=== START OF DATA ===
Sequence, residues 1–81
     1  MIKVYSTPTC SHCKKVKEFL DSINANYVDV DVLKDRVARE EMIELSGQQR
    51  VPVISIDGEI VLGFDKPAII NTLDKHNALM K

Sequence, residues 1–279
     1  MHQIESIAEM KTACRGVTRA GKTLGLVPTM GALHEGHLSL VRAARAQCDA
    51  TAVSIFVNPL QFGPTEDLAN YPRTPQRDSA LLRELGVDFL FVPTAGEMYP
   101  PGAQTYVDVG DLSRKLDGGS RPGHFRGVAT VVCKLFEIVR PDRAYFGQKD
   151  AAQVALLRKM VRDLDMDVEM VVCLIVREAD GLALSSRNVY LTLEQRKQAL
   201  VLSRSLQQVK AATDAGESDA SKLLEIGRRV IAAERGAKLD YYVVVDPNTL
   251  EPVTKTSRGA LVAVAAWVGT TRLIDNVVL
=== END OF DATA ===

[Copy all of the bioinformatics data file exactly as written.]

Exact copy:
Sequence, residues 1–81
     1  MIKVYSTPTC SHCKKVKEFL DSINANYVDV DVLKDRVARE EMIELSGQQR
    51  VPVISIDGEI VLGFDKPAII NTLDKHNALM K

Sequence, residues 1–279
     1  MHQIESIAEM KTACRGVTRA GKTLGLVPTM GALHEGHLSL VRAARAQCDA
    51  TAVSIFVNPL QFGPTEDLAN YPRTPQRDSA LLRELGVDFL FVPTAGEMYP
   101  PGAQTYVDVG DLSRKLDGGS RPGHFRGVAT VVCKLFEIVR PDRAYFGQKD
   151  AAQVALLRKM VRDLDMDVEM VVCLIVREAD GLALSSRNVY LTLEQRKQAL
   201  VLSRSLQQVK AATDAGESDA SKLLEIGRRV IAAERGAKLD YYVVVDPNTL
   251  EPVTKTSRGA LVAVAAWVGT TRLIDNVVL